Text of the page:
[S]un Entertainment Corp. is suing a Houston record company over the use of Johnny Cash recordings in advertisements, including a trailer for the movie “Zombieland” that featured a remixed version of “Country Boy" According to the lawsuit, Sun entered into a licensing agreement in 2007 with Compadre Records that allowed the label to remix “Johnny Cash — The Complete Sun Recordings — 1955-1958” for a new album.
[ . . . ] Specifically, Sun alleges that it has not seen its share of $40,000 that Compadre was paid by the producers of “Zombieland,” $23,250 that Compadre was paid by ABC for its use of the same remixed song in promotional advertisements for the CMA Music Festival and Awards, or $70,000 that Compadre was paid by Columbia for its use of the remixed version of “Get Rhythm” in an advertising campaign.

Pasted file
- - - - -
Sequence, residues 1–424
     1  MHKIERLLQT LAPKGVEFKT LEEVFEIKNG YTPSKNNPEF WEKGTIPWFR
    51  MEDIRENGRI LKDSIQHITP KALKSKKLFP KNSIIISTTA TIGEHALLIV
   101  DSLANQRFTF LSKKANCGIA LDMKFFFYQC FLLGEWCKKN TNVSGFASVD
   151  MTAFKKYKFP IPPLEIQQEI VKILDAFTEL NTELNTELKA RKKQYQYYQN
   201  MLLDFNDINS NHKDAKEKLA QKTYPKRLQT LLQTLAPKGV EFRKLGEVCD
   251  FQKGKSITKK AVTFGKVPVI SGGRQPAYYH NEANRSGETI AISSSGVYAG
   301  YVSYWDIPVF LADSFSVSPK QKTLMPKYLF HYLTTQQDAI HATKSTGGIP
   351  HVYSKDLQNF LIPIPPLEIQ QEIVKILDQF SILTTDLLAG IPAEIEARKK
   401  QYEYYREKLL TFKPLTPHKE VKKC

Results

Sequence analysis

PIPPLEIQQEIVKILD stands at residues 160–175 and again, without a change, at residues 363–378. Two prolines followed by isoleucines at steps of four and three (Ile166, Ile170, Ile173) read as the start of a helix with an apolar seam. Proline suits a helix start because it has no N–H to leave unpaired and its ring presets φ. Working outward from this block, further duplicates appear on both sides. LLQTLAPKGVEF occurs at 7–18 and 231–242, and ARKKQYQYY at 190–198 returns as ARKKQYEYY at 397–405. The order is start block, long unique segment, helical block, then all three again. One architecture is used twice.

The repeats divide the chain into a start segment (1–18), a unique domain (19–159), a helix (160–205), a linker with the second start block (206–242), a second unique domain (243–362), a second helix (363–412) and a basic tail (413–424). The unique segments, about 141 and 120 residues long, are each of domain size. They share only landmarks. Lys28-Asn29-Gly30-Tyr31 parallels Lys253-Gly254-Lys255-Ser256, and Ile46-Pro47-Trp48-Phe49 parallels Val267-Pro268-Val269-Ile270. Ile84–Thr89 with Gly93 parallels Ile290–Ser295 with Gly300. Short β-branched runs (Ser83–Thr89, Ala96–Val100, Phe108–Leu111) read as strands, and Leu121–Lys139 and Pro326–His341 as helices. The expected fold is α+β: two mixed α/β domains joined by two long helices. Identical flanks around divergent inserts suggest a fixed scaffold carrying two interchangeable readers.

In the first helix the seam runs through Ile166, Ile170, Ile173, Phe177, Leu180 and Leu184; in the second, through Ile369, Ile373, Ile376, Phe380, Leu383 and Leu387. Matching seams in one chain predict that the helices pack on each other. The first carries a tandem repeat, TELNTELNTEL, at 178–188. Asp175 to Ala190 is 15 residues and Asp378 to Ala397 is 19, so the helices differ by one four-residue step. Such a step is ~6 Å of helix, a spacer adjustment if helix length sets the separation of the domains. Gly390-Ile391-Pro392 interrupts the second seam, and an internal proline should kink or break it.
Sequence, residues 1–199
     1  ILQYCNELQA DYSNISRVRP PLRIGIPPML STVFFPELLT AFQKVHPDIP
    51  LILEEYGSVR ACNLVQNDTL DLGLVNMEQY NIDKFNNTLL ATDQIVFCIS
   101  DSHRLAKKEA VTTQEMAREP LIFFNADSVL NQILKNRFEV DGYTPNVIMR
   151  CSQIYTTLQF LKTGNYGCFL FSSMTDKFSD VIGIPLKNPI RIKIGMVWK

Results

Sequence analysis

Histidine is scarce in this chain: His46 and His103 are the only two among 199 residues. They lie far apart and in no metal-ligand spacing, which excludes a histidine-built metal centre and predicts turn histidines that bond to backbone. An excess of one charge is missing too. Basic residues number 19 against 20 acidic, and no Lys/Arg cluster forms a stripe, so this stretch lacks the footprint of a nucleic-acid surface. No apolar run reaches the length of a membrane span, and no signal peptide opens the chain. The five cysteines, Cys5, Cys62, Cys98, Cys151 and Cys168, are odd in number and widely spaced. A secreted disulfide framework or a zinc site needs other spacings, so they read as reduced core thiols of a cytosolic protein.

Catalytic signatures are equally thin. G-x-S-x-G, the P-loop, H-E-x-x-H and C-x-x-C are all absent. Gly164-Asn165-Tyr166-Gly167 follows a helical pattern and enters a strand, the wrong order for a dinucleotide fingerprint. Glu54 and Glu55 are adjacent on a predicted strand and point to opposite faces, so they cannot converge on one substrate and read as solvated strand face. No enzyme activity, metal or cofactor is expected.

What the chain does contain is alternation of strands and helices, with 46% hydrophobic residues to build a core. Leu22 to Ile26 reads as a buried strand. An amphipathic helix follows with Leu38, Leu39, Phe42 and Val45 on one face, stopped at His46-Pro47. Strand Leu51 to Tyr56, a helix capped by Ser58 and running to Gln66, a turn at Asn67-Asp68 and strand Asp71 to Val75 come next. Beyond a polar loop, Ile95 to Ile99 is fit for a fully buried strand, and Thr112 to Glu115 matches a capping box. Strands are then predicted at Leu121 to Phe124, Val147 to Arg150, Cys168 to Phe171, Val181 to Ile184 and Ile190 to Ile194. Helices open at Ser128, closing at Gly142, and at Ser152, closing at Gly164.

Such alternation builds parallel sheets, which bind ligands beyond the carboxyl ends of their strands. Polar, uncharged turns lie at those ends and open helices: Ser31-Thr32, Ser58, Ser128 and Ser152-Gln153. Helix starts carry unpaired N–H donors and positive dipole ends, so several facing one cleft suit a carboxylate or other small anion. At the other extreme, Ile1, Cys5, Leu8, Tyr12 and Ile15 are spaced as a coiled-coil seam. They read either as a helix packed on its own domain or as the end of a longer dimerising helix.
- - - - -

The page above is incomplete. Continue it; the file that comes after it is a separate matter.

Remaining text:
Sun accuses Compadre of breach of contract and copyright infringement. The label has not yet responded to the lawsuit, which is pending in the U.S. District Court in Nashville."
I have some not very well-thought-out ideas about lawsuits over intellectual property and the fair use doctrine particularly as it relates to artists using original material in new works of art, and small-fry collectors being sued into oblivion by the RIAA. That is not what this case is about. This is an argument by some major corporations having a pissing contest about dollars.
But if you knew the historty . . . well, it's very cool.
With “Jackie Brenston (Ike Turner's sax man) and his Delta Cats,” Phillips recorded the ur-rock and R&B hit “Rocket 88,” about the 1951 Oldsmobile 88. Some historians call this the first true rock records.
|Sam Phillips and Elvis|
But Johnny Cash is so much more than these Sun recordings in the 1950s.
|Ar Folsom Prison|
|Cash in Performance at Folsom Prison|
Oh, and one more thing, Johnny Cash at Folsom Prison and San Quentin are the greatest law-related recordings in western culture.